The widely held view that piranhas form "co-operative hunting groups" is a myth that has helped turn them into film legends.

However, a research team from the University of St Andrews and the Mamiraua Sustainable Development Institute in Brazil say piranhas are not dangerous. The researchers have been studying piranha behaviour in the flooded forests of the Amazon.

Prof Anne Magurran, of St Andrews, said: "Contrary to popular belief, piranhas are omnivores. They are scavengers more than predators, eating mainly fish, plant material and insects.

Better Earth

Californians urged to cut water after driest year

LOS ANGELES - Southern Californians, fond of their private pools, golf courses, garden sprinklers and the ubiquitous car wash, are being urged to reform their water-guzzling ways after the region's driest year on record.

A mere 3.2 inches of rain -- less than a quarter as much as usual -- fell on downtown Los Angeles in the year beginning on July 1, 2006, the lowest since records began 130 years ago.

A hot summer of short showers is forecast to follow.

Cloud Lightning

Flooding forces Kansas town's evacuation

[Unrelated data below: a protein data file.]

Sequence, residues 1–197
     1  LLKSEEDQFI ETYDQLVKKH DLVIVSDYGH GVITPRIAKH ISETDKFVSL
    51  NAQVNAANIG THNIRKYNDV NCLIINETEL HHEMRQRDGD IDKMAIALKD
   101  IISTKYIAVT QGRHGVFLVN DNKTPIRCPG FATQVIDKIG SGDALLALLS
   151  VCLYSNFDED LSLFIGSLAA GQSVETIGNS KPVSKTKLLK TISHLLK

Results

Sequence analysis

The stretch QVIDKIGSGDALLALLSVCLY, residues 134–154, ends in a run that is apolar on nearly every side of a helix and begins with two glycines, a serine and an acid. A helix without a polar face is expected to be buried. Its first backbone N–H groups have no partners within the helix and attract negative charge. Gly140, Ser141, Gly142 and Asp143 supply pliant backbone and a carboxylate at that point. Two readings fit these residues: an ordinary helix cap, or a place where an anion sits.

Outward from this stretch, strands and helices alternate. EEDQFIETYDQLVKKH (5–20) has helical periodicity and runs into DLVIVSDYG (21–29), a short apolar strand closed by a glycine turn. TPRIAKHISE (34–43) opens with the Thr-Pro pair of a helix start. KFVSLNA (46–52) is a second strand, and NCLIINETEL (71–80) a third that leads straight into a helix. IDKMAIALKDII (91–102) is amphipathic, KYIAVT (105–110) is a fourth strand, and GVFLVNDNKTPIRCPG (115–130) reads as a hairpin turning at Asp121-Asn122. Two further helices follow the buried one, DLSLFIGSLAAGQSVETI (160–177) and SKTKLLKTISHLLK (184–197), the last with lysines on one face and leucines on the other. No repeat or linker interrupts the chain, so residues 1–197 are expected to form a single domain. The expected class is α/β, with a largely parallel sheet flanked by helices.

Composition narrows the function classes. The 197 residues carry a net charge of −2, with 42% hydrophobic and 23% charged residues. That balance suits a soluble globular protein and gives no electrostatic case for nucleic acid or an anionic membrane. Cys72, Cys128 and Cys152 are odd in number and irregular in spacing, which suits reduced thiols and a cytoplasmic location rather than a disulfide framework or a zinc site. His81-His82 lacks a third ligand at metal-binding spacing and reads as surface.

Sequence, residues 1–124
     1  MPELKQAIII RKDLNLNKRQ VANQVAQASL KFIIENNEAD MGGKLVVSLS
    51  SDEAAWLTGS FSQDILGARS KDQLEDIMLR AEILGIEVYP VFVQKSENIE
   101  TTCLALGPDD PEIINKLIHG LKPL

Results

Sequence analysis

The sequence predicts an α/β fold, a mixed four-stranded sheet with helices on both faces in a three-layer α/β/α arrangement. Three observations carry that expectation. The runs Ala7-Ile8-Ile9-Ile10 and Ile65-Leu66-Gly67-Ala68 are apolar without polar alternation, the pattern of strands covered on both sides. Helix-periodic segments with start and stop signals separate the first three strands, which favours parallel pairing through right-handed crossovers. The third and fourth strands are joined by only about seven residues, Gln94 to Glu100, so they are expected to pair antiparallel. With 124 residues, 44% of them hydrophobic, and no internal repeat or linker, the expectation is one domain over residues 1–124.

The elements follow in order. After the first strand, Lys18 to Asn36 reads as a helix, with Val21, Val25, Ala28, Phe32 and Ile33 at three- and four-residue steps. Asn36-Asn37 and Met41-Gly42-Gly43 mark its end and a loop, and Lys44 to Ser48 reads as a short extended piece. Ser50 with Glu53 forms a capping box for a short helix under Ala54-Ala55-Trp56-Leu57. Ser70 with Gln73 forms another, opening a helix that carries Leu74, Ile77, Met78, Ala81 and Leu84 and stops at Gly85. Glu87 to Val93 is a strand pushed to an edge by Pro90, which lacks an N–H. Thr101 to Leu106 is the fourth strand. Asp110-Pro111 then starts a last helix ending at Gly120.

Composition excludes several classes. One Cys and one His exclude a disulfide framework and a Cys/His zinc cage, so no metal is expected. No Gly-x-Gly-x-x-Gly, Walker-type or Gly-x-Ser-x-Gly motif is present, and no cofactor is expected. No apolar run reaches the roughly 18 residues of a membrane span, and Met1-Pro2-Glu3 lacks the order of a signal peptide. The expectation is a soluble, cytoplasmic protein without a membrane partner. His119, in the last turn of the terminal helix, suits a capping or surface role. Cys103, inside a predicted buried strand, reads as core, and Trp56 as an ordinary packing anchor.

Even after sunshine returned to southeast Kansas and southwest Missouri, rivers swollen by days of heavy rain inched dangerously upward across the Plains.

©Orlin Wagner (AP)
The Marais Des Cygnes River flows over the U.S. 59 bridge in Ottawa, Kan., Sunday, July 1, 2007. Closed flood gates protect the downtown business district. Flooding worsened across southeast Kansas and southwest Missouri Sunday as high water levels forced more people from their homes and forecasters said it could be days before area rivers begin returning to normal. Among the hardest hit regions was Osawatomie, Kan., in Miami County, where the Kansas National Guard was deployed to help with a mandatory evacuation of the city as workers struggled to reinforce a levee on the Marais des Cygne.